LOUISVILLE, Ky. — Already behind bars, many incarcerated Kentuckians have become handcuffed again — this time by a system that has held a large part of the public prisoner since the pandemic began: unemployment.
Previous FOCUS reports on unemployment fraud have highlighted the problem, with an estimated tens of billions of dollars stolen since the COVID-19 pandemic started.
"Our government responded to pump dollars into these programs to help those individuals, and the unfortunate side effect of that is that it also put a spotlight on it for criminals," Jarrod Carnahan said.
Carnahan works at Appriss Insights, a Louisville-based business that provides insights and analytic solutions that support decisions for early response to people-based fraud and risk. Many of the identity thieves are overseas, operating as rings. They've been targeting everyone — including the prison population.
"Many of the identities that are being flagged is either synthetic or fraudulent are from inmates," Carnahan said.
The problem was already on the federal government's radar before the pandemic. In April, the Treasury Department released results of its audit of the prisoner population, which focused on stolen identities used to file bogus tax returns.
The report found that more than 4,500 false tax returns were filed in 2019, using inmates' Social Security numbers, which claimed more than $14 million in refunds.
"Really our prisoners and inmate population are victims of that crime more so than anyone else because they're sitting in an isolated location." Carnahan said.
Carnahan said inmates do not have the freedom or luxury of having total access to a computer to know their personal information, such as their Social Security number, has even been compromised. According to The Marshall Project, many who are incarcerated may not know their identity has been stolen until their release.
Fraudsters take what they can to create what's called a "synthetic identity."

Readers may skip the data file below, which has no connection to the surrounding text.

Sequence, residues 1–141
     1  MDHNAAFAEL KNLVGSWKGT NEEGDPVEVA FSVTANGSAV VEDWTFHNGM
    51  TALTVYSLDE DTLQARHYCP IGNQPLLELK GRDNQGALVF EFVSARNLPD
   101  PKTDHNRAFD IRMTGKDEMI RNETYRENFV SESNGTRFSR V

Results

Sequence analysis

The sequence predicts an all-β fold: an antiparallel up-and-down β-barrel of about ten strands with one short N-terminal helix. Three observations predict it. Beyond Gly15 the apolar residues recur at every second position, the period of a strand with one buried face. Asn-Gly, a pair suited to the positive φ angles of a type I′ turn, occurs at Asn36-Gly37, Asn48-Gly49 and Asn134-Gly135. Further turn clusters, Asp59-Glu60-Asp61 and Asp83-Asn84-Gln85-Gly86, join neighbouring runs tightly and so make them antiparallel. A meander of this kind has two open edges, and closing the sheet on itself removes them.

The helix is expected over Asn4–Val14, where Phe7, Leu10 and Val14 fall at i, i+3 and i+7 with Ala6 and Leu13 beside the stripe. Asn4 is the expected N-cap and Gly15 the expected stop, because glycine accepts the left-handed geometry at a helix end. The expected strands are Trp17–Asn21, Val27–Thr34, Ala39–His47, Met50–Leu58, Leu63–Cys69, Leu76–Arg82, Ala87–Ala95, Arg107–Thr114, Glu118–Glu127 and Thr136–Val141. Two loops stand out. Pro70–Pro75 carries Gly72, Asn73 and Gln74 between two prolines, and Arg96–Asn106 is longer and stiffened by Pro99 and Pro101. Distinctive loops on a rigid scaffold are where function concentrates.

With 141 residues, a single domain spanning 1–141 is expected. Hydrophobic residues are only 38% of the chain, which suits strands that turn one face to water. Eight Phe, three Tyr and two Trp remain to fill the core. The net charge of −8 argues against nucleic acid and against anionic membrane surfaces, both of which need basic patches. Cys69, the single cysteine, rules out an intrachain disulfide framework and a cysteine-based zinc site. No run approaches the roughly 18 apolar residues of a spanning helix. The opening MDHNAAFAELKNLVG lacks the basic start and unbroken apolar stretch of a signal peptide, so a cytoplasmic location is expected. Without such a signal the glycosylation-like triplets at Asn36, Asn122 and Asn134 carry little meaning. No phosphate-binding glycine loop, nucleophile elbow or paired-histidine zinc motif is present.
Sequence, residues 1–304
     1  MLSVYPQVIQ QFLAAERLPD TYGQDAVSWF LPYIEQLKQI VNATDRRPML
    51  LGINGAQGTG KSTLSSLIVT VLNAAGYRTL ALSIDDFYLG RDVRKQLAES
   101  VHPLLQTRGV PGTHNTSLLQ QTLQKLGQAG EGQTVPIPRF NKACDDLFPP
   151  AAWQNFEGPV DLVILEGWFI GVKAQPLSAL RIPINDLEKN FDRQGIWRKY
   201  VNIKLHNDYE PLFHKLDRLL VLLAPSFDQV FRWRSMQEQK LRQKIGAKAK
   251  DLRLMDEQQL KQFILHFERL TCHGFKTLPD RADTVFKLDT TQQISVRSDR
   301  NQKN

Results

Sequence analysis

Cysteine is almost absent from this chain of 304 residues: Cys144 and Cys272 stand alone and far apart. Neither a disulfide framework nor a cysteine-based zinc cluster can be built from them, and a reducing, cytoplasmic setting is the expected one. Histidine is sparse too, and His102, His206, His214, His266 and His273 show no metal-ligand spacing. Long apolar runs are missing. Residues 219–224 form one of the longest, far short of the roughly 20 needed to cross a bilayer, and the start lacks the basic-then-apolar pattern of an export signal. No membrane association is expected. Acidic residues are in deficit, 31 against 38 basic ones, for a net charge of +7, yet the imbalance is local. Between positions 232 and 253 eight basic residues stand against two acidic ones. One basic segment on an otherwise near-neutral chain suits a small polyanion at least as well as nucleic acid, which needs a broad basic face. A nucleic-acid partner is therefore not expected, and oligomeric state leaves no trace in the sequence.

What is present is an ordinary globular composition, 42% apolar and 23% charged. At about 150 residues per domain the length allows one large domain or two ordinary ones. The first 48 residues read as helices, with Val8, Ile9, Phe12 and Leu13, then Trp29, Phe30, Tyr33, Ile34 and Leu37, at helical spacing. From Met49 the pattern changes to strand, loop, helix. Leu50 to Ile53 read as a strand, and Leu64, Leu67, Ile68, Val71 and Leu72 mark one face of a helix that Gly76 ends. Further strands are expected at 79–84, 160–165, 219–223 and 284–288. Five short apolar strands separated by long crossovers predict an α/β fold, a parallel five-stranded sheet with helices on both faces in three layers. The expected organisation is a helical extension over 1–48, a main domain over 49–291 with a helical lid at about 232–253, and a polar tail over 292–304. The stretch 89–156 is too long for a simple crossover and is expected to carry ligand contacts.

"They may have stolen a Social Security number from one place, and they'll pair that up with a first and last name from another, and they're able to create multiple forms of identity that at a surface level could appear to look legitimate," Carnahan said.
The Kentucky Office of Unemployment Insurance said it has received almost 50,000 reports of fraud through its website.
Although the office acknowledges that it is aware of the problem of identities being stolen from the incarcerated, it cannot say how many of the fraud reports are actually tied to those behind bars.
"We're really looking at a situation of good guys versus bad guys here," Carnahan said.
And in a case of ongoing unemployment fraud, the "bad guys" aren't the ones already locked up.
Kentucky Unemployment said people should report UI fraud online. If they do not have access to the web, and are victims of identity theft, they should ask someone such as a family member to complete the form.
"If incarcerated individuals discover they are victims of unemployment insurance identity fraud and they are unable to access the web, they can ask someone to complete the form for them," the office said. "If payments have been issued on those claims, they will need to complete and sign an affidavit certifying the claim was fraudulent and they did not receive any UI funds."